There’s a great new paper at D-Lib: Hierarchical Catalog Records: Implementing a FRBR Catalog by David Mimno, Gregory Crane, and Alison Jones. It’s about how they used FRBR in making a catalogue for the Perseus Digital Library, a wonderful resource holding classics. papyri, Renaissance writing, and much more.
IFLA’s Functional Requirements for Bibliographic Records (FRBR) lay the foundation for a new generation of cataloging systems that recognize the difference between a particular work (e.g., Moby Dick), diverse expressions of that work (e.g., translations into German, Japanese and other languages), different versions of the same basic text (e.g., the Modern Library Classics vs. Penguin editions), and particular items (a copy of Moby Dick on the shelf). Much work has gone into finding ways to infer FRBR relationships between existing catalog records and modifying catalog interfaces to display those relationships. Relatively little work, however, has gone into exploring the creation of catalog records that are inherently based on the FRBR hierarchy of works, expressions, manifestations, and items. The Perseus Digital Library has created a new catalog that implements such a system for a small collection that includes many works with multiple versions. We have used this catalog to explore some of the implications of hierarchical catalog records for searching and browsing.
Don’t miss the appendix (794 KB PDF) which is a printout of an XML record showing the work Vergil’s Aeneid and its expressions and manifestations. If you have the time, look at what they put in which tags for the two English translations (and the Latin version). The title and translator are in the manifestation level, but shouldn’t they be at the expression level? The publisher is at the manifestation level, which is right, and there is no item level.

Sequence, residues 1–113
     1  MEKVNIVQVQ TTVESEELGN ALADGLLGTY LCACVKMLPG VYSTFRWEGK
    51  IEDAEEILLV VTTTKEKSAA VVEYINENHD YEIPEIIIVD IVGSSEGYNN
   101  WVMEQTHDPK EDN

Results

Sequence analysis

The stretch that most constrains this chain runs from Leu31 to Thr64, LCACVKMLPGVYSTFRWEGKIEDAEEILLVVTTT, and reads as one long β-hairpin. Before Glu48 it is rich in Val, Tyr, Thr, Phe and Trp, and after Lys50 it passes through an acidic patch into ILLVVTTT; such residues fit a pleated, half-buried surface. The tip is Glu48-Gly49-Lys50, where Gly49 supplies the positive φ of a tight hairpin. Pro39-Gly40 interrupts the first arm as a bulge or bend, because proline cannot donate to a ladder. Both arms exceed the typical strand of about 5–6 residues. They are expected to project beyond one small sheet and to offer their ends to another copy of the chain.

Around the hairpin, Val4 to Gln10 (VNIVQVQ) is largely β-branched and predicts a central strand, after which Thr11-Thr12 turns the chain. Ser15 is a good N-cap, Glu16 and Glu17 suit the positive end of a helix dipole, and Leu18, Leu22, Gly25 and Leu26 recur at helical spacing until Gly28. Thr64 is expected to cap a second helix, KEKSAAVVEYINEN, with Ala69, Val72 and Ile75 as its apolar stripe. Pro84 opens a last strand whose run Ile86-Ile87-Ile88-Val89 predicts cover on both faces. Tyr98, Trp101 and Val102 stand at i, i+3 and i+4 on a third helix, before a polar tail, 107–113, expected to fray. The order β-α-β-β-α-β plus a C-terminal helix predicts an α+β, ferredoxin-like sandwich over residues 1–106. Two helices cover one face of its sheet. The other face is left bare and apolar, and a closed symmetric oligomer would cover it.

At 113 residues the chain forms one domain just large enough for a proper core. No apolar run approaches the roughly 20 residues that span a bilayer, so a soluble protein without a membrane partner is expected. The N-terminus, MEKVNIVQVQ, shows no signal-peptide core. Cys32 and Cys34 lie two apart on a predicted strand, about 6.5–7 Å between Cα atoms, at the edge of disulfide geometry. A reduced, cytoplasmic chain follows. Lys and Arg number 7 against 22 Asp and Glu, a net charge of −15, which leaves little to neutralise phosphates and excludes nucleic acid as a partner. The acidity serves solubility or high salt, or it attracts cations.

Notice that at the top of their home page for Dryden’s translation of the Aeneid you can go to another English translation or a Latin version. In fact, on any page in any edition, you can jump to the identical position in another edition. (If you look at it in their new interface then the other translations are listed on the right.) I presume this is generated from the FRBR data.
There’s a screenshot in the paper of the catalogue, but I can’t find it on their web site. If you see it, please leave a comment.
(First noticed on Catalogablog.)